Capitol’s Power through Isolation

In the dystopian society of Panem, the Capitol rules through the power of isolation. The Capitol isolates itself from the districts, the districts from each other, and even each citizen from other citizens through its Hunger Games. The Capitol separates itself by being an entirely different entity. The people of the Capitol dress, look, and act very differently from the citizens of the districts. The Capitol also does not have a tribute participate in the Games. Instead, the Games act as entertainment for the Capitol. Each district is isolated from the others as they all have their one industry maintaining their society. Therefore, the districts rarely interact with one another. The only time the districts interact is during the Hunger Games, when each district celebrates the deaths of the other districts’ tributes, as each death means a step closer to victory. Even citizens from the same district cannot trust one another because they are never certain of the person’s motives. For example, Katniss constantly questions the motives of Haymitch, who is her greatest chance to surviving the Games. Before the Games, she constantly questions Haymitch’s motives. Even during the Games, Katniss questions Haymitch’s intentions when she struggles to find water. By isolating each individual, the Capitol retains power because it eliminates all hopes for citizens joining together in rebellion. Instead, citizens forgo any loyalties in fear of death. Therefore, the break in unity creates isolation, which enables the Capitol to rule over the citizens completely.

Through the Hunger Games, the Capitol eliminates all sources of camaraderie among citizens. Instead, the fear of death trumps solidarity. Even family, the greatest source of unity, fails to overcome the Hunger Game, except in Katniss’s case. When Katniss volunteers as tribute to save Prim, her love for her sister conquers the fear of death. Her loyalty to her sister defies the isolation among citizens. From the beginning, Katniss shows she is different from the rest of the citizens of Panem. Although, she still battles issues of who to trust, she defies the Capitol’s control when her loyalty to her sister defies the isolation of citizens. Her love for her sister triumphs of her fear of death and her fear of the Capitol, showing that from the beginning, she is a force to be reckoned with.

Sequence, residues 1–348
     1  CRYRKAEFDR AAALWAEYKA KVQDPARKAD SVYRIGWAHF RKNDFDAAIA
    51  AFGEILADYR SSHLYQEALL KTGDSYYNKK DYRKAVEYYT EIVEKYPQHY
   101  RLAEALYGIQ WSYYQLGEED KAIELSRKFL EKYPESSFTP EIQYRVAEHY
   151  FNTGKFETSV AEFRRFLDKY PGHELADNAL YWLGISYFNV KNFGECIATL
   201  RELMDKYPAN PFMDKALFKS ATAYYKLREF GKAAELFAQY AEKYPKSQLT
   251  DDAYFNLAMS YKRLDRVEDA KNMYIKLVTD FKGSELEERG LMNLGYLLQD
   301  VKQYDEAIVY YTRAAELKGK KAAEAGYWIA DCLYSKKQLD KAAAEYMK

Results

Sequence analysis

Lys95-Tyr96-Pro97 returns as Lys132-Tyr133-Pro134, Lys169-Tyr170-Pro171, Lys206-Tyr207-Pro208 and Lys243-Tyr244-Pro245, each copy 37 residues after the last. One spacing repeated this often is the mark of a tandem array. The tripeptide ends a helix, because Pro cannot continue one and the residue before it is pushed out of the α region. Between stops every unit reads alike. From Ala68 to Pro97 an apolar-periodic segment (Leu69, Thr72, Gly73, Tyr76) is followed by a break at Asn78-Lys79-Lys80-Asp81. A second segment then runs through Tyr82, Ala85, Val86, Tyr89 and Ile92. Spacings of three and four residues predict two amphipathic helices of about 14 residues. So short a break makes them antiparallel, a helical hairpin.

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2 Responses to Capitol’s Power through Isolation

  1. mark says:

    Different totalitarian governments have different ways of controlling its citizens. Some use fear, some limit citizen’s awareness of their environments, and Panem uses isolation between its citizens. Citizens cannot rebel against the government if they are always fearful, or are unaware of their situations, or, like in Panem, cannot unite together. But in 1984, creating fear required a secret police force. As seen in Brave New World, controlling knowledge requires a load of drugs. Isolation requires a once-a-year event. Seems much more effective. But, both Big Brother and the World State of BNW could suppress love with ease. Panem does and will have much more trouble.

  2. palak says:

    The Capitol does a great job at creating distrust, animosity, and hate between the districts and even within the districts. They suppress any probable uprising through this by destroying the Districts unity. They have power over them through fear, but more so, their power comes from the citizens’ attitude towards one another. When there is no unity, their is no rebellion. Katniss however, may very well be the catalyst to spark a revolution because she is not characterized like the other citizens.

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